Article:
Welcome back to Germany and again thank you for accompanying me on these trips. This time we find ourselves in Frankfurt Germany. It is known as Frankfurt am Main now. It had other names also. It was first known as Frakonovurd in Old High German and was one of the first names mentioned in written records in 794.
It then became Frankenfort during the middle ages and then Franckfort in the modern era.
In the 1800’s the name Frankfurt had been established as the official spelling. The city’s full name is Frankfurt am Main and the city is located on an ancient ford on the Main river.
In 300 we see the Franks living on the eastern banks of the lower Rhine area. There were three sects of these Franks, the Salians, the Ripuarians and the Chatti or Hessians. Remember the Hessian troops from your history lessons of the U.S. Revolution where the Hessian’s were hired by England to fight for King George III against the pesky and rebellious Patriots in the colonies of America?
Frankfurt is one of the major cities in Germany and the largest in the Hesse State. It is also known as a global city. It is a major hub for Air, Rail and Auto transportation.Before WWII the city was globally known for its unique old town with timber-framed buildings, the largest old town in Europe.
Frankfurt was the home of Johann Wolfgang Goethe a writer and statesman and his home is now a museum open for tours. He was born in 1749 and died in 1832. He and his sister were educated at home (yay home schooler!) until the age of 16 then studied law. He practiced law but was also a writer one of which he was known for his Faust about the man who sold his soul to the devil. (You can find more of his works here)
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It is here where I noticed the locks on the bridge again and talked to Tracy about them. The history of the padlocks dates back to a Serbian tale during WWI.
A local mistress named Nada, who was from the spa town called Vrnjacka Banja, fell in love with a Serbian officer named Relja.
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After they have committed their love for each other, Relja was sent to Greece during the war. Sadly while there he fell in love with another woman and broke off his engagement to Nada. She never recovered from the news of her true love, she died due to a broken heart. Young women from that town started writing their names and their loved ones on padlocks and affixing the locks to the railings of the bridge where Nada and Relja used to meet. And in the year 2000, they started showing up on bridges all over Europe.
The Bridge in Frankfurt is called Eiserner Steg and is also known as lover’s bridge.or lock bridge.
Lunchtime came and we had our choice of fare in this beautiful town. We opted for Italian food and this is what we got.
I am sitting at the cafe here taking a photo of people walking about. It was very busy this day because it was during the Fasching (I will talk about this more in another article.)
Ledgend says that the body of James was carried from Jerusalem and taken to Santiago and buried.
Check the Frankfurt City Page here
This building is the Römer. This is where the city council of Frankfurt meets and for more than 600 years the future of Frankfurt has been decided from these halls by it’s leaders. In the year 1405 they purchased the buildings here from the merchant Kunz for “800 guldens of good Frankfurt currency in cash.” Since then they have added other buildings to the original.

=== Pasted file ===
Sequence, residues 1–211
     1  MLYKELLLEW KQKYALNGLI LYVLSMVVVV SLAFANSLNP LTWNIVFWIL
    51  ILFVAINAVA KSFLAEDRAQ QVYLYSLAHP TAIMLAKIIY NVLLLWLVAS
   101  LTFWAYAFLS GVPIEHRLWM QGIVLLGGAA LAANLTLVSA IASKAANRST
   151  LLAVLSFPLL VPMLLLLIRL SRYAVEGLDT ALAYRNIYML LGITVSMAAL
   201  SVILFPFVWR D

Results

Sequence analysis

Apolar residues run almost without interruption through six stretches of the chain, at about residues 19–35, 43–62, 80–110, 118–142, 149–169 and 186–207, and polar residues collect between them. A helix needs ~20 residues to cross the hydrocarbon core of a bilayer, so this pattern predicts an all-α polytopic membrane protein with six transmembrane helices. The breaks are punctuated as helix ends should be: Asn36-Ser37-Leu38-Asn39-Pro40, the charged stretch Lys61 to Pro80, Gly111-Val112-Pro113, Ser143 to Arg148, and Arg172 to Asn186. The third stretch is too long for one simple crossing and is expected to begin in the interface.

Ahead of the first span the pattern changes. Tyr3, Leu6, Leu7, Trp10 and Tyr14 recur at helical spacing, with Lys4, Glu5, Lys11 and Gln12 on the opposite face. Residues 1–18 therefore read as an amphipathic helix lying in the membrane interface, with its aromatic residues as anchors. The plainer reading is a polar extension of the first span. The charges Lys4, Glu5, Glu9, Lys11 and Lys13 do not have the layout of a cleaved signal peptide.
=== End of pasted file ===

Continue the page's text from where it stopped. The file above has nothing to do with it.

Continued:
These buildings suffered serious damage in 1945 when the city was bombed in WWII. Rebuilding efforts began that same year and they were not reopened until 1955. It was not until 1975 that the three -gabled façade was added once again to the face of the building.
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In 1933 there was a boycott in Frankfurt against the Jewish people and as time went on the restrictions on them began to tighten. Nov. 10, 1938 the largest synagogues were burned to nothing. At this time many of the Jewish people living there began to leave the area. Those that did not were sent away notified with only minutes to grab what they could and leave to the Lodz Ghetto in central Poland. The Lodz ghetto was the second to the largest Jewish ghetto’s next to Warsaw. Eventually those were taken off to Dachau and Buchenwald concentration camps. In the year 1933 there were 33,000 Jewish people that lived in Frankfurt as noted by the government records of the area. In 1945 there were only just over 600 that remained in the area.
|Street with the Linen House on the right side.|
Before you check out our other Germany travels:
- American Guy in Germany
- My First Week In Germany
- 8 Days In Germany
- St Elizabeth’s Church in Marburg Germany
- Marburg, Germany Marburg Castle
- St. Marian’s Church – Marburg Germany
- Traveling Alone – My Third Week In Germany
- Wilhelmshohe Palace and Musiuem Kassel Germany
- Lowenburg Castle – Kassel, Germany
- Hercules Monument – Kassel, Germany
- Kloster Ruin Limburg Monistary Bad Durkhim, Germany
- Hardenburg Castle Bad Durkhim, Germany
- Traveling Germany – Frankfurt <—- YOU ARE HERE
- Dreikonigsgemeinde Church – Frankfurt
- Kassel Hesse Germany part 1
- Frankfurt Germany Fasching
- Amoneburg Castle – Amoneburg Germany
- St Bartholomew Cathedral – Frankfurt, Germany
- Touring Heidelberg, Germany
- Churches of Heidelberg, Germany
- Heidelberg Castle
- Exploring Nuremberg, Germany (part 1)
- Exploring Nuremberg Germany (part 2)
- Churches of Nuremberg – Frauenkirche
- Churches of Nuremberg – St Elizabeth’s
- Churches of Nuremberg – St Jakob
- Churches of Nuremberg – St Lorenz
- Churches of Nuremberg – St Sebald
- Dachau – Concentration Camp
- Victims of Fascism Memorial –
- Neuschwanstein Castle – Swan Castle – Germany
- Simmerath – My Final Days In Germany